As an educator and a mother, Beckie Gladfelter knows one of the best ways to explain life-changing events to a child is through a book or story. But when faced with a breast cancer diagnosis, Gladfelter couldn’t find a children’s book to explain it to her three young sons.
Now a breast cancer survivor, Gladfelter recently published the book she wished she would have been able to read to her children, called “My Warrior Mommy.”
Gladfelter teaches in the English as a Second Language department for Calvert County Public Schools and works at Beach, Huntingtown, Sunderland and Plum Point elementary schools in addition to Northern Middle, Northern High and Huntingtown High schools.
“When I was diagnosed, my children were 3, 5 and 7 and there were two questions in my mind: What is my prognosis and how do I tell my children?”
On Christmas Eve 2014, Gladfelter received the news that her cancer was treatable with a good prognosis, but the question of telling her children still remained. Often, a social worker is provided to help break the news, but Gladfelter wanted a book, like how some parents use books to teach about toilet training or how a new baby will join the family. She wasn’t able to find a book for children about a mom getting a breast cancer diagnosis.
Without really deciding to, Gladfelter wrote “My Warrior Mommy” on her phone while waiting for various appointments and during chemotherapy treatments.
“One day I realized that the book was complete and I read it to my husband and I read it to my parents,” she said. On the last day of her radiation treatment, during a celebration lunch with friends, she read it to the group and continued reading it “to anyone who would listen.”
Her friends encouraged her to get it published. Without any knowledge of how to publish a book, Gladfelter researched and talked to people and opened her own publishing company, as self publishing was the quickest way to get her book out there. She found an illustrator for the book, who happened to be the photographer of her wedding.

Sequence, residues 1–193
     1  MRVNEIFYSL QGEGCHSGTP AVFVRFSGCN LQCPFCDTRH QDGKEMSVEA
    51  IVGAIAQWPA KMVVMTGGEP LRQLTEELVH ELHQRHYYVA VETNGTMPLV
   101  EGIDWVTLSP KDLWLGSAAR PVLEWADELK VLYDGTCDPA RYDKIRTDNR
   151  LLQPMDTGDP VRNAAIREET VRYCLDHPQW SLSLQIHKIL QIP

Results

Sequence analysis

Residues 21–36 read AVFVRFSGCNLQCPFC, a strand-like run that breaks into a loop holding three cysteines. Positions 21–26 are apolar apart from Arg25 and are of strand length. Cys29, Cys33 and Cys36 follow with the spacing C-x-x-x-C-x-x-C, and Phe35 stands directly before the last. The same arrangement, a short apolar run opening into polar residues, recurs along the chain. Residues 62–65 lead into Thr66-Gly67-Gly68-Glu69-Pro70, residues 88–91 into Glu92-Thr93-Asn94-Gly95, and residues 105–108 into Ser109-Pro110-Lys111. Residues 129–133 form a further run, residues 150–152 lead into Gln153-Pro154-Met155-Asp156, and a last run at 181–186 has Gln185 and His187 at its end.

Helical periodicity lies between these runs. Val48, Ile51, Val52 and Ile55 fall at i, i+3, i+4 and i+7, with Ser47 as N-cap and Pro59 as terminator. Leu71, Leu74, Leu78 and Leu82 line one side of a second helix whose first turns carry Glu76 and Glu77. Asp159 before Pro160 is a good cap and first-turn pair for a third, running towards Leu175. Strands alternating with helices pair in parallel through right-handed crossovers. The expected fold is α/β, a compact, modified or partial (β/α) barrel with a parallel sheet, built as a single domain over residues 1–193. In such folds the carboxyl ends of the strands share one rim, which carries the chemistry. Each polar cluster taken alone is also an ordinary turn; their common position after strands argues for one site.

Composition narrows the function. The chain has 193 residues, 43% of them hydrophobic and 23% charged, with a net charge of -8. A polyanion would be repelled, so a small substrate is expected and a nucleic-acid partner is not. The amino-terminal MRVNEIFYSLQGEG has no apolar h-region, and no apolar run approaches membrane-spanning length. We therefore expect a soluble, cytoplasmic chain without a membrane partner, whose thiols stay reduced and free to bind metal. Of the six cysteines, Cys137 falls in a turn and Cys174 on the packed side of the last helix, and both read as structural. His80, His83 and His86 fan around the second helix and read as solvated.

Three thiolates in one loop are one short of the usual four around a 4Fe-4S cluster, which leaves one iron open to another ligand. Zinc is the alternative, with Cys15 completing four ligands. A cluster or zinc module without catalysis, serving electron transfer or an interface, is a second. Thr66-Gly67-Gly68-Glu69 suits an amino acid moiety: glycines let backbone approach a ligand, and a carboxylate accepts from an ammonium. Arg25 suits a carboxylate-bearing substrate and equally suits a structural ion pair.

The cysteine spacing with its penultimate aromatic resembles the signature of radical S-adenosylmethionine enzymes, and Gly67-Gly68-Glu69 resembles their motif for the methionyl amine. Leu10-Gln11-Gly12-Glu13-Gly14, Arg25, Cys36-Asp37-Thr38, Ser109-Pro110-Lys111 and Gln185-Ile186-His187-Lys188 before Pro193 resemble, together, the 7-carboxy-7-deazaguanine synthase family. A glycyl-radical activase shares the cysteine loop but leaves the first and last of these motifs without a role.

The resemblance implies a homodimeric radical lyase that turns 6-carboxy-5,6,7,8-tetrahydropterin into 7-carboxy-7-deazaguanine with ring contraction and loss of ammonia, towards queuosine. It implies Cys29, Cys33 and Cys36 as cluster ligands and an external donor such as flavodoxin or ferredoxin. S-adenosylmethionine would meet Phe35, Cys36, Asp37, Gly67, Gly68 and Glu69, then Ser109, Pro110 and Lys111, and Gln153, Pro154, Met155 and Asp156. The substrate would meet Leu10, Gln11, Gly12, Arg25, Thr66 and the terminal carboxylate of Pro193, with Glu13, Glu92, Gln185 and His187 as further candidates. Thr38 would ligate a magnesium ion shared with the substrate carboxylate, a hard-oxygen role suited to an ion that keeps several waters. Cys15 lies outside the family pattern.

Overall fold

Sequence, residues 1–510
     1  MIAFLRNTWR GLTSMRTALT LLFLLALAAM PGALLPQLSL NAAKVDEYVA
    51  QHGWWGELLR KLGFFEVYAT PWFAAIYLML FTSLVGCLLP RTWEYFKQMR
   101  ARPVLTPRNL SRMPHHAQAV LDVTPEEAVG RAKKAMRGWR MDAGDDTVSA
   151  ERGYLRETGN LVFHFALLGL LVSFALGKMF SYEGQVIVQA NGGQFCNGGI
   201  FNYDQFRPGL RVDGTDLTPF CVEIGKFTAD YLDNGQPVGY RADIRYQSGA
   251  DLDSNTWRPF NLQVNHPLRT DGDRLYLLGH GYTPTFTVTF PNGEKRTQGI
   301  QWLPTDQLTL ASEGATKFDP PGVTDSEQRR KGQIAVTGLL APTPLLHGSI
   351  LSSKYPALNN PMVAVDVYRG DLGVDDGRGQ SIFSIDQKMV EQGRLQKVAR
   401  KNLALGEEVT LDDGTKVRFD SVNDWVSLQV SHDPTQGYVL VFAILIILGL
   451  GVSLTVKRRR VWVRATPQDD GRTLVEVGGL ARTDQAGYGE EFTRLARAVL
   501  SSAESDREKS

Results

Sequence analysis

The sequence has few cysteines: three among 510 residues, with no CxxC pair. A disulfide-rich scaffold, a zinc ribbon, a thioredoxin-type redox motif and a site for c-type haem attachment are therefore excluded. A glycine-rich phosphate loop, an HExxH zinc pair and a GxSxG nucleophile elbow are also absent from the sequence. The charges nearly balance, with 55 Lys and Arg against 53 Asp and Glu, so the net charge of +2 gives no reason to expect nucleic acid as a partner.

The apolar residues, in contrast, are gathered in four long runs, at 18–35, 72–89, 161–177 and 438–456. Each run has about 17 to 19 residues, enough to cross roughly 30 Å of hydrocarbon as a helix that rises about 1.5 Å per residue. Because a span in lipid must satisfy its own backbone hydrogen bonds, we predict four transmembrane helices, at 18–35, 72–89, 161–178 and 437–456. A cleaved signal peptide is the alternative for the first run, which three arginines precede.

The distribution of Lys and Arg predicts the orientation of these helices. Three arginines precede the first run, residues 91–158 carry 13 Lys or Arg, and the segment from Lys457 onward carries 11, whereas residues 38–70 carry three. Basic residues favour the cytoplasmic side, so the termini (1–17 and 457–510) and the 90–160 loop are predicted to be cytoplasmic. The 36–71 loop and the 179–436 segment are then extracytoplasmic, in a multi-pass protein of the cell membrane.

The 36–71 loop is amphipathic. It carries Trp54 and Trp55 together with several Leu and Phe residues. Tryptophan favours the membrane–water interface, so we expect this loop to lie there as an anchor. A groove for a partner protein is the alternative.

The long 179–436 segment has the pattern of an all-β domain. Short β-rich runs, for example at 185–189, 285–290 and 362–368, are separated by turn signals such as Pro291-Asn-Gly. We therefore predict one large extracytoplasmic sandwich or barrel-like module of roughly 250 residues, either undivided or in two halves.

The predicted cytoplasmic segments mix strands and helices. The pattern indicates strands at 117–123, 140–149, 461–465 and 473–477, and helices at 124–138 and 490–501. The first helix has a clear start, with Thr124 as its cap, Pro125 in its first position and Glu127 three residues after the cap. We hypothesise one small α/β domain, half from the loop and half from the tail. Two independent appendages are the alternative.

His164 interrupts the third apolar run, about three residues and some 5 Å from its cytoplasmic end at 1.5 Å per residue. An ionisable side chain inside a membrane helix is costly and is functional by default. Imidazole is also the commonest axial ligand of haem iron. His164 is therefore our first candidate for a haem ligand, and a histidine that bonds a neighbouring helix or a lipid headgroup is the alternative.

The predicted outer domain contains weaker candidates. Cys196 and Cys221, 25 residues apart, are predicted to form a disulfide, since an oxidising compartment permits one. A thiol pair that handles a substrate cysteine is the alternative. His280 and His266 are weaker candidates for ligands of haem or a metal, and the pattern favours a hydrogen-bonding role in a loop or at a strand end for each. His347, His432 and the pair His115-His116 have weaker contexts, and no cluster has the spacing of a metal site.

“My Warrior Mommy” is told from the perspective of a little boy and it takes the readers through the stages of breast cancer treatment in a child-appropriate way. It teaches children related vocabulary (tumor, cancer, radiation, chemotherapy) and shows things like drains and wigs. Gladfelter said the book makes it all less abstract and demystifies some of the words and the treatment.
She even brought her own children to chemo one time so they could see it and meet her doctor and have an accurate mental picture. When she had to rest, sometimes her children would rest with her. She gave her boys the choice of seeing when her husband shaved her head. They wore her wig and felt her bald head. Gladfelter tried to involve her children in an age-appropriate way, answer their questions and give them updates.
“I really feel my book exudes love and love is the center of family. … As scary as it is, it’s the love that gets you through treatment,” she said.
And from the front cover, Gladfelter said the book exudes that love, as the cover image is of the mother embracing her son. The book also suggests ways children can help their mothers recover, such as being careful not to bump her chest, letting her rest and doing stretches with her.
The book is for sale at www.mywarriormommy.com. Gladfelter will sign and sell books from noon to 3 p.m. Saturday, Oct. 22, at Brick Wood Fired Bistro in Prince Frederick and from 9 a.m. to 2 p.m. Saturday, Oct. 29, at the Calvert Library Prince Frederick.